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From the Editor: Information, Internet Searches and Stories to Tell

It wasn’t that long ago that Mix would break new product information in a monthly print issue.

It wasn’t that long ago that Mix would break new product information in a monthly print issue. We were the media, the primary gatekeepers of information. We had contacts, we received press releases, we got phone calls about upcoming “exclusive” product launches or “special access” to tours. A producer might call about an album project that nobody even knew was taking place. And we got to tell the world about it, every 30 days. There was a staff of 40-plus, and the magazine was fat.

Then came the Internet, followed by mobile, and the music and publishing worlds changed dramatically and forever. Thankfully, Mix stabilized a few years back, albeit in a much slimmer print form, and the recording industry seems to be settling into its new hybrid form. Products are still put out, audio projects are more numerous than at any time in history, and new revenue models for studios, recordings and distribution will eventually find a way to bring the money back. But I suffer no illusions: Mix will never return to its halcyon days of 228 pages a month.

So what’s an editor to do? I used to edit in-depth technical articles, featuring schematics and specs and titles like “Clocking and Conversion” or “Perceptual Coding.” Excellent articles, bordering on the AES Journal in their approach. But with only 52 pages a month, what goes and what stays? I’ve thought long and hard about that these past 10 years.

In a nutshell, I keep coming back to stories. The Internet is overloaded with information. If you need a schematic to repair an old Studer tape machine, you can find the parts in an online search and then watch a video on YouTube rather than run down the manual. If you need a studio’s equipment list, the studio’s site has it. If you need a manufacturer’s stated frequency response graph, it’s easily searchable.

Mix is a features magazine, and it’s a product review magazine. That’s our core. Mix has access to top talent in the industry and the opportunity to go behind the scenes at major events or major releases. That’s what we do. We’re fortunate to have a sister publication in Pro Sound News, and its editor Clive Young, who is committed to his mission of news and business. He’s good at it. Mix is good at stories—feature stories on studios, music, recording, tours, films, universities, design, new technologies, industry trends, emerging talent and countless other aspects of our industry.

All of this came to mind this month while editing the issue, where we have a number of damn fine stories.

Look at the cover. We’ve all heard about Brooklyn and how it became a hipster haven and hotbed of recording once Manhattan prices forced out artists, same as they did big commercial studios. That started more than a decade ago, and Strange Weather Studios was part of it. But then Marc Goodman started thinking bigger, and he met engineer Daniel Schlett, and the two zigged while the rest of Brooklyn zagged, and they built a world-class, single-room, API and analog-centric facility in 2012 at a time when the rest of the recording industry seemed to be scaling back in major markets. It has sure worked out well for them. And it’s a good story.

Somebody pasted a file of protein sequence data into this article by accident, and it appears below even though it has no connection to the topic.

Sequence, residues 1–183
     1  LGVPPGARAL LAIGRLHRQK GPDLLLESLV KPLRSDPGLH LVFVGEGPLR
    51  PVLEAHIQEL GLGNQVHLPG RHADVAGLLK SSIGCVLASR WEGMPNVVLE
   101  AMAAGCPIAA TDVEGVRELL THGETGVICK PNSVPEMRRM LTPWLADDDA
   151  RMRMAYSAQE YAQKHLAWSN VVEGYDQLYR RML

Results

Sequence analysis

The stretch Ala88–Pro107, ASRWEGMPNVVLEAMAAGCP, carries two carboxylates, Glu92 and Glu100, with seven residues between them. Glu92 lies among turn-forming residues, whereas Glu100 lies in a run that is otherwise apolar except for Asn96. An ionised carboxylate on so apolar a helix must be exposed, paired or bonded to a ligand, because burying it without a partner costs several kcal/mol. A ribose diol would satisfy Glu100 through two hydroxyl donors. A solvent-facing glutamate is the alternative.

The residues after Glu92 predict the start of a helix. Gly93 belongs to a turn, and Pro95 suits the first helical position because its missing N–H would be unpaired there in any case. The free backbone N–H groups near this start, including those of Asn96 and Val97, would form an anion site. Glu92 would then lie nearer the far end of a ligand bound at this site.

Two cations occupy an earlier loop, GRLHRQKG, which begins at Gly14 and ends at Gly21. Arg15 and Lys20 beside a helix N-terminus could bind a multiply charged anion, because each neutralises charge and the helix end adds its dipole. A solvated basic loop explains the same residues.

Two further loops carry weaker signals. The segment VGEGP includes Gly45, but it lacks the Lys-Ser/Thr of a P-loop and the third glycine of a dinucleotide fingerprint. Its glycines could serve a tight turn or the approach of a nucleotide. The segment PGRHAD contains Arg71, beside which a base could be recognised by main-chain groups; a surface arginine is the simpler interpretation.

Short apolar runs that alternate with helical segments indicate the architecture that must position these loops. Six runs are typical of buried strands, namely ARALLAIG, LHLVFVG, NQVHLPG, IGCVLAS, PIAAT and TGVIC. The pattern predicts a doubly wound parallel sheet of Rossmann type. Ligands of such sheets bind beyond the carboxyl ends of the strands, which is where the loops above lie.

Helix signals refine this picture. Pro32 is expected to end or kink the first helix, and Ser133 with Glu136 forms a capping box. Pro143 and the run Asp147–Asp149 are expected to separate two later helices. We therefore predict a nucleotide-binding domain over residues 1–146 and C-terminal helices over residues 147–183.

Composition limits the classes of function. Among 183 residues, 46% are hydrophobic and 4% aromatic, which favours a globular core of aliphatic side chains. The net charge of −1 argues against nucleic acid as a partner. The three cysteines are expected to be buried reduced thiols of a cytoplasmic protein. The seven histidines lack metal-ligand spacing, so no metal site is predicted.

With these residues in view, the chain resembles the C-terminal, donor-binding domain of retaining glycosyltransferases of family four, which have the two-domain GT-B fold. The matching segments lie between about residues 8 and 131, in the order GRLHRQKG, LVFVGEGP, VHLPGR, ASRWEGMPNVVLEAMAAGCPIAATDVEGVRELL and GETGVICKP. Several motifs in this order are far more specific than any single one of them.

We also have Grace Potter sit for an interview, where we emphasize her story, especially as it relates to her life in music and her reluctance to record again. Last December we told the story of her husband, Eric Valentine, an in-demand producer who also happens to own Barefoot Studio and UnderTone Audio. The technical detail is almost a bonus in this case, and we’re fortunate that Grace and Eric’s stories come together on a very personal record. That’s a good story.

And Raphael Saadiq? He could talk all day about recording and analog/digital and building grooves, but this story is about how the death of his brother, Jimmy Lee, informed his current release. He’s human. He’s real. And you can likely find most of the technical information elsewhere. This is what matters to him, right now.

And Audio Test Kitchen? Here’s Alex Oana, a guy with an idea. He sees a hole in the pro audio retail chain. He meets another guy, Ian Hlatky, and they spend three years bringing the idea to market. It must have felt like a lifetime in today’s world. But this month they launch an online search/comparison tool for listening to analog products and comparing them against others—providing an objective, nonbiased source for what is most often a very subjective decision. The amount of work that has gone into building just the large-diaphragm condenser microphone category is staggering, and there are many more categories to come. It’s a good story.

I wish I had room to talk about Moulin Rouge! The Musical. Tony Savona has penned an excellent piece on the making of a cast album in the midst of a hit Broadway show’s run.

Yes, we still do plenty of product news and the product review section remains a bedrock. But when a good story comes in, we have to tell it…